Atlanta, GA (CBS46) -- Election Day has come and gone in Georgia with several major races still undecided.
Whether or not Stacey Abrams' bid to become the first African-American female governor in U.S. history remains to be seen as the contest has not yet been decided. In the race for Georgia governor, Republican Brian Kemp is battling Democratic candidate Abrams and Libertarian candidate Ted Metz.
Also undecided is U.S. House District 6 between incumbent Republican Karen Handel and Democrat Lucy McBath.
U.S. House District 7 is also undecided between incumbent Republican Rob Woodall and Democrat Carolyn Bourdeaux.
U.S. Rep. Drew Ferguson has won his first re-election
Freshman Republican U.S. Rep. Drew Ferguson has won his first re-election campaign in western Georgia.
Ferguson of West Point defeated Democrat Chuck Enderlin in Tuesday's midterm election battle for control of the U.S. House.
Ferguson represents western Georgia's 3rd District, which includes portion of 13 counties along or near the Georgia-Alabama state line.
Enderlin of Newnan is a Delta Air Lines pilot and a political newcomer.
U.S. Rep. Sanford Bishop has been re-elected
Democratic U.S. Rep. Sanford Bishop has been re-elected to serve a 14th term in southwest Georgia's 2nd District.
Bishop of Columbus defeated Republican Herman West Jr. in Tuesday's midterm elections as candidates battled nationwide for control of the U.S. House.
The 2nd District covers 29 counties in southwest Georgia and includes the cities of Columbus, Macon and Albany. Bishop has held the seat since 1993.
West of Albany is a pastor and former police officer making his first attempt at winning public office.
U.S. Rep. Rick Allen has defended his seat
Republican U.S. Rep. Rick Allen has defended his seat to win a third term in eastern Georgia.
Allen of Augusta defeated Democratic challenger Francys Johnson in the 12th District race Tuesday, when midterm elections were held nationwide to determine which party controls Congress.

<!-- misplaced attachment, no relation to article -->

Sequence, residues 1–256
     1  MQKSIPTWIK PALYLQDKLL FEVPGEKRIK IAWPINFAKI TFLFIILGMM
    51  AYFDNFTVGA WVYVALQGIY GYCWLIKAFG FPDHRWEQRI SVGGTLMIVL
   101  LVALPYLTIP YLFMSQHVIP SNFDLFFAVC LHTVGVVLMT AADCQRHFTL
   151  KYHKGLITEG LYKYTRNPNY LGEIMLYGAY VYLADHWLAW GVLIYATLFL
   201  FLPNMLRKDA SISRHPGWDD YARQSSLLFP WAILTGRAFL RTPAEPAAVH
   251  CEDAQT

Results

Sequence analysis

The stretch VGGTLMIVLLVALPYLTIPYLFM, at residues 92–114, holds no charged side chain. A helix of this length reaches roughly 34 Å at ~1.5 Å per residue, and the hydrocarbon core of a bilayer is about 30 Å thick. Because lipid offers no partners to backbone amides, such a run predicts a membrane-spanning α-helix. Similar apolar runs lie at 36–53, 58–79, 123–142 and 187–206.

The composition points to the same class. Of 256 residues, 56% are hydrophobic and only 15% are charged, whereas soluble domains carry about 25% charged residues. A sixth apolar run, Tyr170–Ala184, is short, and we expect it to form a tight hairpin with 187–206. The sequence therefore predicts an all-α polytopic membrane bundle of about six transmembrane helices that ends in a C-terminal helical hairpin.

Allen has held the seat since 2015. Johnson is a Statesboro attorney, pastor and a former president of the Georgia NAACP.
The 12th District covers portions of 19 counties in eastern Georgia and includes the cities of Augusta, Statesboro and Vidalia.
A group of voters has filed a lawsuit seeking to keep Georgia's secretary of state, who's also the Republican candidate for governor, from further presiding over the midterm elections.
Nonprofit Protect Democracy said in a news release that the lawsuit was filed at 5 p.m. Tuesday, two hours before polls closed in Georgia.
As secretary of state, Brian Kemp is the state's top elections official. The lawsuit seeks to keep him from being involved in counting votes, certifying results or any runoff or recount. Those are responsibilities of the secretary of state's office or the state election board, of which he is a member.
The lawsuit says that Kemp presiding over an election in which he is a candidate "violates a basic notion of fairness."
A Kemp spokeswoman didn't respond to an email Tuesday evening seeking comment.
U.S. Rep. Tom Graves of Georgia has defeated a Democratic challenger
Republican U.S. Rep. Tom Graves of Georgia has defeated a Democratic challenger who spent much of the race locked away in jail.
Graves of Ranger won re-election Tuesday to the state's 14th District. His opponent, Democrat Steve Foster, was sentenced to six months in jail for drunken driving in August. Foster of Dalton refused to quit the race and remained behind bars until Election Day. His attorney, Richard Murray, said Foster was released Tuesday.
The northwest Georgia seat Graves has held since 2010 strongly favors Republicans. Foster would have been considered a longshot even if he had not been jailed.
U.S. Rep. Doug Collins has been re-elected
Republican U.S. Rep. Doug Collins has been re-elected to his seat in northeast Georgia.
Collins of Gainesville overcame Democratic challenger Josh McCall on Tuesday as midterm elections were held across the U.S. to determine which party controls Congress.
The win grants Collins with a fourth term in Georgia's 9th District, a seat he's held since 2013. McCall is a high school teacher from Gainesville.